For Immediate Release
October 13, 2021
Jacqueline Pogue Lyons
WTU’s Frustrations Boil Over with No-Confidence Resolution
Membership Upset Over School Reopening Concerns, Protracted Contract Negotiations, No Action on IMPACT Evaluation Changes
WASHINGTON—Frustration with District of Columbia leadership over school building safety, protracted contract negotiations and inaction on IMPACT evaluation changes boiled over this week with Washington Teachers’ Union members voting that they have no confidence in city leaders.
“This is what happens when teachers raise legitimate concerns that affect students and teachers, but then time passes and nothing gets done. We need a relationship with city and school district leaders built on respect and mutual trust, and that means addressing problems together in a timely way,” said WTU President Jacqueline Pogue Lyons.
At a meeting Tuesday evening, WTU delegates passed a resolution of no confidence in city and school leadership, primarily calling them out for reopening schools that were not fully safe. These include reopening schools without fully functional HVAC systems and inadequate filters where students are regularly present, failing to recognize the need for a virtual option despite accommodations made for charter schools, and underfunding mental health and social and emotional support for students and staff dealing with trauma related to the pandemic and record-setting shootings in the city.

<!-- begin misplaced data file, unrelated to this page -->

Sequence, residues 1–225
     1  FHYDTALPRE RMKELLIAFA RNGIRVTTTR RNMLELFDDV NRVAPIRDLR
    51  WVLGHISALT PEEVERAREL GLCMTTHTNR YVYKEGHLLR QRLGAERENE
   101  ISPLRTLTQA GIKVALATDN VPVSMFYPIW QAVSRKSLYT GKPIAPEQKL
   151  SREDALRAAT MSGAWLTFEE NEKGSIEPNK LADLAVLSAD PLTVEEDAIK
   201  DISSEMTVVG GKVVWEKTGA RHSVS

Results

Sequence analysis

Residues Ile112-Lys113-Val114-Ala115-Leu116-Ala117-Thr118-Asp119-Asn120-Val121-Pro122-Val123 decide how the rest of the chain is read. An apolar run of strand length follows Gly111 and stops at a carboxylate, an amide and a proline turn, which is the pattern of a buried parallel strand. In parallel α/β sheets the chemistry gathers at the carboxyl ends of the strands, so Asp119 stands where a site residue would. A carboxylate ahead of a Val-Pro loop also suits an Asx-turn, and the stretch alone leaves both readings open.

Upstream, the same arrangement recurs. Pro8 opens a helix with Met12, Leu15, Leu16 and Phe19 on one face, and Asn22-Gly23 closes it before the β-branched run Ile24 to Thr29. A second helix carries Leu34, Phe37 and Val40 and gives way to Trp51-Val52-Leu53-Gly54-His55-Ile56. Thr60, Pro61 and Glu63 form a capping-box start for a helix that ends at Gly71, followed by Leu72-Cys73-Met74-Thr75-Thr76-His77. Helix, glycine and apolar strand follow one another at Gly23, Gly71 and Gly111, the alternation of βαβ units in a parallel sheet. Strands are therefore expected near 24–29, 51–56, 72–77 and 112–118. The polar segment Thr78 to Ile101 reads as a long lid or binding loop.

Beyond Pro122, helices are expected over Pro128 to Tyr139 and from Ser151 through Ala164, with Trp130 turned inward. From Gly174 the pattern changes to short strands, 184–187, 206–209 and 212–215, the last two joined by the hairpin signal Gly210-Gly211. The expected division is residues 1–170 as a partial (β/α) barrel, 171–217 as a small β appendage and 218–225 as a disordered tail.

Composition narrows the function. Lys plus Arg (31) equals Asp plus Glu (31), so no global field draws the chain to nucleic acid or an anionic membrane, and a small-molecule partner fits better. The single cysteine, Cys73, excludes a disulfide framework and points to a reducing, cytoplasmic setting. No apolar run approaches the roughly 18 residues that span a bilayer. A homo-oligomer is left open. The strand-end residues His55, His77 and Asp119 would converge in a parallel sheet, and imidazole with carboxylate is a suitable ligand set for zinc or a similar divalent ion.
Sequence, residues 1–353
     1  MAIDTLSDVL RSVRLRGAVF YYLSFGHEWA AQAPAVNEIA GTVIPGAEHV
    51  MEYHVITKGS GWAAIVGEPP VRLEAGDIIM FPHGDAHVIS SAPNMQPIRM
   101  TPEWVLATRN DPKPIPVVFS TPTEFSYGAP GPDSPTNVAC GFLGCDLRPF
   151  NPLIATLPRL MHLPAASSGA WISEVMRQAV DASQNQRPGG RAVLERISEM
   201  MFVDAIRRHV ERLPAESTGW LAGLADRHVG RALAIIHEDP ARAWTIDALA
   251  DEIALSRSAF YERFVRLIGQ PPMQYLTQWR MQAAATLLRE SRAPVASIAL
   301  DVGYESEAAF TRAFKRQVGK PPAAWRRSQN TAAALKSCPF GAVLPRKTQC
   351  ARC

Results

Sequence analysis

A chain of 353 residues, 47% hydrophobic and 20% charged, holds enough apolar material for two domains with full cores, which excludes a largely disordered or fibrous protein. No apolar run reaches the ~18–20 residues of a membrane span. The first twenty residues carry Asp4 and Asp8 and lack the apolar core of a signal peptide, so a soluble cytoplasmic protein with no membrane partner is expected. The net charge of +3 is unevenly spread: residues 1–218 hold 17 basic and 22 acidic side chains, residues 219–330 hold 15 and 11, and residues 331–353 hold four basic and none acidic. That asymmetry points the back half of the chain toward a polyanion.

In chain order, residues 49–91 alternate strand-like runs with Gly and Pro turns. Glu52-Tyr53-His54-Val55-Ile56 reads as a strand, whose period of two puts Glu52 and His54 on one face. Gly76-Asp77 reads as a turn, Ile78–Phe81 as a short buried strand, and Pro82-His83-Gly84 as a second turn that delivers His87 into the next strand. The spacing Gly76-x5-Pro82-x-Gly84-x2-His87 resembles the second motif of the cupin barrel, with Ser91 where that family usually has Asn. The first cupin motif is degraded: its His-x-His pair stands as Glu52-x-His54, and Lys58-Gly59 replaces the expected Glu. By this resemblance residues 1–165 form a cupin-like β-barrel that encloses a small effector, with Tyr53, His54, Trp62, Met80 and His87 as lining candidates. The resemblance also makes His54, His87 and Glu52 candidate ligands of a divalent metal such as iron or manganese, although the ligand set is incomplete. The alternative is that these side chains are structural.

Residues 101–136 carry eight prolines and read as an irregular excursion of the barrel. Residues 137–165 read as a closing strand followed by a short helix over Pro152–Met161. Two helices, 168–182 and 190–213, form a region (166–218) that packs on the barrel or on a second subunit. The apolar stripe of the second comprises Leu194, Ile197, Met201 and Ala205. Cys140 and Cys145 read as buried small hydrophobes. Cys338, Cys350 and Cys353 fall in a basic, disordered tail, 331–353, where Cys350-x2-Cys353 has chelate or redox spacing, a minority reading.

Pogue Lyons also said teachers are exacerbated by protracted negotiations over a contract that expired in September 2019 and inaction on changing the flawed IMPACT evaluation system, which research has shown is not helpful, actually hurts teachers’ well-being and is racial biased.
“Our teachers went above and beyond during the height of the pandemic to make sure their students got a quality education. They were excited to go back to school in person this fall despite their concerns regarding the continued spread of the virus, and yet the district is slow-walking negotiations. Teachers feel terribly disrespected and have had it with district leadership. This resolution reflects their deep frustration,” Pogue Lyons said.
She also said that the city is failing to work to resolve a serious teacher shortage and retention problem. “If the city refuses to recognize the problem and work with the WTU to improve it, the situation could turn into a major crisis. This is bad for students and bad for our schools and community.”
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